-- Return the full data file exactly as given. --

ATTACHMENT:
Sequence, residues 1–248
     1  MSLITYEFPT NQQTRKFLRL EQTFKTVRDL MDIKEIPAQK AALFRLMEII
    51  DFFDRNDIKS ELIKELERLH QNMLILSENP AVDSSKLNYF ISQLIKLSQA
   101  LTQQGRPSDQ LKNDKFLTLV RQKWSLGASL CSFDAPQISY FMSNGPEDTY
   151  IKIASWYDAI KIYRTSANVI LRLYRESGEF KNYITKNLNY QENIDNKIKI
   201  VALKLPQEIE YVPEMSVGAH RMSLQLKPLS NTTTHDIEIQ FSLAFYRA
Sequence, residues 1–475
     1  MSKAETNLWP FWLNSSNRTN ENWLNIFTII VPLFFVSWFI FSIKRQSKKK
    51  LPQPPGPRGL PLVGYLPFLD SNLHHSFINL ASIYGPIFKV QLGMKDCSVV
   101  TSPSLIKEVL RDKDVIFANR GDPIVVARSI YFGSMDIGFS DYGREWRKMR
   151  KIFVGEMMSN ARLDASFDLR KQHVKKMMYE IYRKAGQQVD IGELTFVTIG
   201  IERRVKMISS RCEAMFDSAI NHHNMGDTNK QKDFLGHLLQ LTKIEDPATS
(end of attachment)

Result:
Sequence, residues 1–248
     1  MSLITYEFPT NQQTRKFLRL EQTFKTVRDL MDIKEIPAQK AALFRLMEII
    51  DFFDRNDIKS ELIKELERLH QNMLILSENP AVDSSKLNYF ISQLIKLSQA
   101  LTQQGRPSDQ LKNDKFLTLV RQKWSLGASL CSFDAPQISY FMSNGPEDTY
   151  IKIASWYDAI KIYRTSANVI LRLYRESGEF KNYITKNLNY QENIDNKIKI
   201  VALKLPQEIE YVPEMSVGAH RMSLQLKPLS NTTTHDIEIQ FSLAFYRA
Sequence, residues 1–475
     1  MSKAETNLWP FWLNSSNRTN ENWLNIFTII VPLFFVSWFI FSIKRQSKKK
    51  LPQPPGPRGL PLVGYLPFLD SNLHHSFINL ASIYGPIFKV QLGMKDCSVV
   101  TSPSLIKEVL RDKDVIFANR GDPIVVARSI YFGSMDIGFS DYGREWRKMR
   151  KIFVGEMMSN ARLDASFDLR KQHVKKMMYE IYRKAGQQVD IGELTFVTIG
   201  IERRVKMISS RCEAMFDSAI NHHNMGDTNK QKDFLGHLLQ LTKIEDPATS